Even with all these reasons and more staring me in the face, I still felt it nearly unbearable to take this step and let you cry until you fell asleep. I kept putting it off: after this growth spurt, after vacation, after this teething episode (no teeth yet, by the way), etc. Finally, the necessary impetus forced the decision: YOU. When we returned from vacation, you began to have more and more trouble falling asleep despite our best efforts at soothing you. You became crankier and crankier as it took longer for us to get you to sleep and you woke up more frequently. You started clawing at your head and ears and screaming like a banshee a lot of the time during the day. Monday night it took 3 hours to put you to sleep. Finally, Wednesday night, you began screaming after I started soothing you to sleep by our usual pattern: nursing and rocking. The screaming only became more insistent and loud as Daddy and I alternatively tried to calm you down. You were flailing and wild, out of control. Finally, we decided that we weren’t helping things, and we hesitantly put you in your crib. As we stood there in the dark, you screamed like someone was pulling your toenails out. Of course, that’s how you were screaming when we were holding you, too, so that wasn’t because we put you down. Although it was difficult, it wasn’t as hard as I thought because you were screaming, not crying. You were having a full blown temper tantrum, and I couldn’t help you solve it. You needed to work it out on your own. We huddled quietly in the corner, just waiting and making sure you didn’t hurt yourself! Finally, after 26 long minutes you lay there quietly, kicking the mattress pensively, and then you just fell asleep! You slept through the night, which is something you had stopped doing a while ago, and we all woke up VERY happy!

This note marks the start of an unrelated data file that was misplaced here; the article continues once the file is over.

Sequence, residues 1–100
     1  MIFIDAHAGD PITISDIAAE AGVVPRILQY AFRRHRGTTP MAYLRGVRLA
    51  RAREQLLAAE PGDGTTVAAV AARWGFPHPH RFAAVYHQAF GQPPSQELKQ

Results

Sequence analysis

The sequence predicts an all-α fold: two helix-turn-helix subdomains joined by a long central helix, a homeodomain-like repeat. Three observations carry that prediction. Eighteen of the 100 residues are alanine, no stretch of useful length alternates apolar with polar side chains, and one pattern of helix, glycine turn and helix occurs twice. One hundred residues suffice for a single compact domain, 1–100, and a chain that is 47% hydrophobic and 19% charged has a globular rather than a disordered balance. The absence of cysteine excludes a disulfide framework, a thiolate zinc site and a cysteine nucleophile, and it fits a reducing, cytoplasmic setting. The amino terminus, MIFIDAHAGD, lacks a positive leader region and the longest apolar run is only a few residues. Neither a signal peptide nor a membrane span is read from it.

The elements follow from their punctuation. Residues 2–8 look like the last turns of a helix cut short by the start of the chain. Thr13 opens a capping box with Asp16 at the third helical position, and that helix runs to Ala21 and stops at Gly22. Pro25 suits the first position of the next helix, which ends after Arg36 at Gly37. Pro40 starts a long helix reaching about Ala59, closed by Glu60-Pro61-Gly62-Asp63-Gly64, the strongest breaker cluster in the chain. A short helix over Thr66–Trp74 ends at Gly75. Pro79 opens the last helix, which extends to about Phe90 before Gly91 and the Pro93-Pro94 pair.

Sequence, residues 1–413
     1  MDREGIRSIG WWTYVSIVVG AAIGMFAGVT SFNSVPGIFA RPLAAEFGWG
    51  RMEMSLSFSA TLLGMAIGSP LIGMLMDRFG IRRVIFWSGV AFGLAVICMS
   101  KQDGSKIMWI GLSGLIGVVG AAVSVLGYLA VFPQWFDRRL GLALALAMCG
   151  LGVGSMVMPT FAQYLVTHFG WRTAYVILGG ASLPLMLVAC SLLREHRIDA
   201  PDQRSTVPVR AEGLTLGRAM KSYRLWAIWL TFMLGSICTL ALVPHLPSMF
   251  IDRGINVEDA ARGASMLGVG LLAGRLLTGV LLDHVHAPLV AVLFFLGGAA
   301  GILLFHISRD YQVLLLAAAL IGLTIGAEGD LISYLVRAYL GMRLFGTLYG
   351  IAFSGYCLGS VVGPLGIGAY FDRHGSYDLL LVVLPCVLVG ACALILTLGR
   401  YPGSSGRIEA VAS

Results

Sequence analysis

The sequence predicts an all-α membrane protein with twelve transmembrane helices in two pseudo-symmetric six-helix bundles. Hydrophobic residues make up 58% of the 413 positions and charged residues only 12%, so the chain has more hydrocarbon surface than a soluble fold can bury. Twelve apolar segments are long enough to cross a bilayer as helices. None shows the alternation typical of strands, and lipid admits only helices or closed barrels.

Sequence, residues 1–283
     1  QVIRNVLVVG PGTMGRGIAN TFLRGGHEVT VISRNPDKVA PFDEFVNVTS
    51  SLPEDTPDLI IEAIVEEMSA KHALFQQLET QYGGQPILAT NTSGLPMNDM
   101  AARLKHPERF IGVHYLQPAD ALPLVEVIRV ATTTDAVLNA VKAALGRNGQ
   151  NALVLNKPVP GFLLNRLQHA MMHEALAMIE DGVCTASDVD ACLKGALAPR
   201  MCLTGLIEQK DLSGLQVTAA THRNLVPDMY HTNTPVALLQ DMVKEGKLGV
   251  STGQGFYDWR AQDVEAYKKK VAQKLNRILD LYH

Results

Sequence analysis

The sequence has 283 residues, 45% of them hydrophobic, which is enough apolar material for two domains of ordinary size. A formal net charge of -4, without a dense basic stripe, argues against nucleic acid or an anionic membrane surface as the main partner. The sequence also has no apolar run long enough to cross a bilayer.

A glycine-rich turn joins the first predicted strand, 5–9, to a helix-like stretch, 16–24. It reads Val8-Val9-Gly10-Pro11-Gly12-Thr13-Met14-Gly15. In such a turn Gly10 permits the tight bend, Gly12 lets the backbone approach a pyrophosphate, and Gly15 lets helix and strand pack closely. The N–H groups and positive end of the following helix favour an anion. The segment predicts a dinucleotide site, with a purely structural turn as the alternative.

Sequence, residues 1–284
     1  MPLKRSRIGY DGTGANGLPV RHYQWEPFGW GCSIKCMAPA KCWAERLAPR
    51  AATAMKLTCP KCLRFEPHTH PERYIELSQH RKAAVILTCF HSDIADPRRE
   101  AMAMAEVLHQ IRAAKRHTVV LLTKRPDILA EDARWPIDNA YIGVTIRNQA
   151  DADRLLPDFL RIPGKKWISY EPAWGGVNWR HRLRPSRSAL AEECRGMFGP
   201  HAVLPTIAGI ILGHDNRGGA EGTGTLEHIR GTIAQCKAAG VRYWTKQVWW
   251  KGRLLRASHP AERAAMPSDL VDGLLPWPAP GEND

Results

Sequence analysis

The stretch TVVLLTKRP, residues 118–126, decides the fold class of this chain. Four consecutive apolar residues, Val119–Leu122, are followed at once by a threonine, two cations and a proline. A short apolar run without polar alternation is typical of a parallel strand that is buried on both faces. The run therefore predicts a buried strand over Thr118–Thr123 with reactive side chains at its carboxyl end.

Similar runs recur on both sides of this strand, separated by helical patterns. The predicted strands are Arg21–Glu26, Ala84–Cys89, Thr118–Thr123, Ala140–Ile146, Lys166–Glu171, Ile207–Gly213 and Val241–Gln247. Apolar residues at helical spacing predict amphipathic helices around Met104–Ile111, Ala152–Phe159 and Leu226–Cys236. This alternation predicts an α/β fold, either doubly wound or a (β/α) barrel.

So, to make a long story longer, it only took about a week of crying until you stopped crying when we put you in your crib to sleep at night. Amazing, but true. You are sleeping much better and your mood is so improved. You are taking better, more consolidated naps during the day. It also makes it much easier to leave you with babysitters so Daddy and I can enjoy some time alone and miss you the whole evening we are away from you! It is so wonderful that you are able to calm yourself now. Sometimes when you are napping, I go in when you are making noises, and you are just hanging out playing with your blankie! So cool.
You seem so much more interactive in general lately. Your grabbing has become dangerous. We have to make sure that we keep a sufficient distance between your hands and anything we don’t want in your mouth. Basically, if it is a choking hazard, it is practically guaranteed that you will be reaching for it, eyes wide and mouth half open in an excited grin of expectation. “Oh what, oh what does that plastic bag taste like?!?”